As the article details, Google and Apple have a long history. During Google's early days, Larry Page and Sergey Brin would visit Apple's headquarters often, and Brin would regularly go on hikes together with Jobs in the Santa Cruz Mountains. The two Google founders considered Jobs a mentor, and they would often discuss possible future joint endeavours, including developing Safari for Windows together.
The relationship between Apple and Google remained all fine and dandy for a while; when Jobs launched the iPhone in 2007, Eric Schmidt was up on stage with him, joking about things like "AppleGoo", and congratulating Jobs with a great product, which would surely be a success. Google's services, of course, were well-integrated into the iPhone.
Things started to go sour when Google went into the smartphone business with its Android operating system. Google bought the company behind Android in 2005, well before the iPhone entered the market, but it would take until after the iPhone was launched before the first Android devices shipped. The first ones were no match for the iPhone, but over time, Android devices got ever sleeker, until recently when we hit phones like the Droid and the Nexus One.
Steve Jobs feels as if Google has betrayed them. "At the heart of their dispute is a sense of betrayal: Mr. Jobs believes that Google violated the alliance between the companies by producing cellphones that physically, technologically and spiritually resembled the iPhone," Brad Stone and Miguel Helft write for the NYT, "In short, he feels that his former friends at Google picked his pocket."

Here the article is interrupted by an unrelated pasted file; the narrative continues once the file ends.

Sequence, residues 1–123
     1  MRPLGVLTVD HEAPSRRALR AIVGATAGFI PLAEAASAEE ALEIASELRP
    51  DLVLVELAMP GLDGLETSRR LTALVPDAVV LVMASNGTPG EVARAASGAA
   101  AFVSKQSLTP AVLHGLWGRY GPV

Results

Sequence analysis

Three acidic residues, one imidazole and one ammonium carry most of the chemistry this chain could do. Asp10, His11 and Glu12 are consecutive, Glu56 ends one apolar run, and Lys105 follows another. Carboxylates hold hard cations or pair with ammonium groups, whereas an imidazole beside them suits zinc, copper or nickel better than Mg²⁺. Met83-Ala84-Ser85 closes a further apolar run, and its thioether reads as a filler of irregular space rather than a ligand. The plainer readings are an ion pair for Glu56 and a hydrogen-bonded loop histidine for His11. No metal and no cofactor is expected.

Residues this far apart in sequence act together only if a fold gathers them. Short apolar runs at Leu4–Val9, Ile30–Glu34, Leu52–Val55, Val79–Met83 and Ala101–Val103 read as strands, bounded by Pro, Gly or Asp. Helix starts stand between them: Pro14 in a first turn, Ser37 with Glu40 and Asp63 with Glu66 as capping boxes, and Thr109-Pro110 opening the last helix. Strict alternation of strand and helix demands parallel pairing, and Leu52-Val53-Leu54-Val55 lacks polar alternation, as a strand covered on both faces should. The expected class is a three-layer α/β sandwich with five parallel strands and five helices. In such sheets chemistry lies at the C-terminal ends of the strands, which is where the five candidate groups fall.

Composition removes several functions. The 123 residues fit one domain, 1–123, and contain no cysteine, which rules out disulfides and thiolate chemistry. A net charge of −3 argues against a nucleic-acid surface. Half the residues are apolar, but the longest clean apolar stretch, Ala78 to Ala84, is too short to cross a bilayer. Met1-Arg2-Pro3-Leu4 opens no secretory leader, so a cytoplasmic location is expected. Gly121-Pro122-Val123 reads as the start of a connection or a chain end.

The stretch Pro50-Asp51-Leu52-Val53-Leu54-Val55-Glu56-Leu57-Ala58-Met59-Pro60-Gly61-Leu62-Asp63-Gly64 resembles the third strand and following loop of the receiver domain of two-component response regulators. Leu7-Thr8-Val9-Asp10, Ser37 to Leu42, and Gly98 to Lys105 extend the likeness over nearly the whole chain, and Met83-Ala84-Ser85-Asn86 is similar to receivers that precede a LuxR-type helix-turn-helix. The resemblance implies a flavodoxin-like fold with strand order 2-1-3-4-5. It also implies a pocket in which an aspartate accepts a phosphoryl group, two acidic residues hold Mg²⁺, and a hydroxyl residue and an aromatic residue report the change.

When Google's plans for Android became clear, several meetings took place between the two companies, which, according to the NYT, heated up very quickly. Jobs accused Google of stealing iPhone technology, whereas Google said that Android prototypes existed well before the iPhone. In addition, Google executives have said that "Android's features were based on longstanding ideas already circulating in the industry".
One meeting in particular stands out, according to the NYT: Jobs said that if Google deployed multitouch, Apple would sue. Google didn't budge. "I don't think they made many accommodations," a former Google executive who was briefed on the discussions told the NYT, "Google is not a company that is particularly afraid of anyone, including Apple."
While Apple and Steve Jobs are getting openly aggressive towards Google, the search giant has remained relatively calm so far, continuing the party line of praising Apple as a valuable partner, and praising Jobs in particular. Inside Google itself, there's not much animosity towards Apple, the NYT claims.
Inside Apple, the situation is different, according to the NYT. "I've never seen anything quite like it in my life," one Apple employee told the NYT, "I'm in so many meetings where so many potshots are taken. It feels weird."
The article is filled with examples, quotes, and other instances of Google-Apple rivalry, and most surely an interesting read. It provides an insight into how this battle is not so much Apple's doing, but more Jobs', something people had been speculating on ever since the news of the HTC lawsuit hit.
It will be interesting to see where this goes.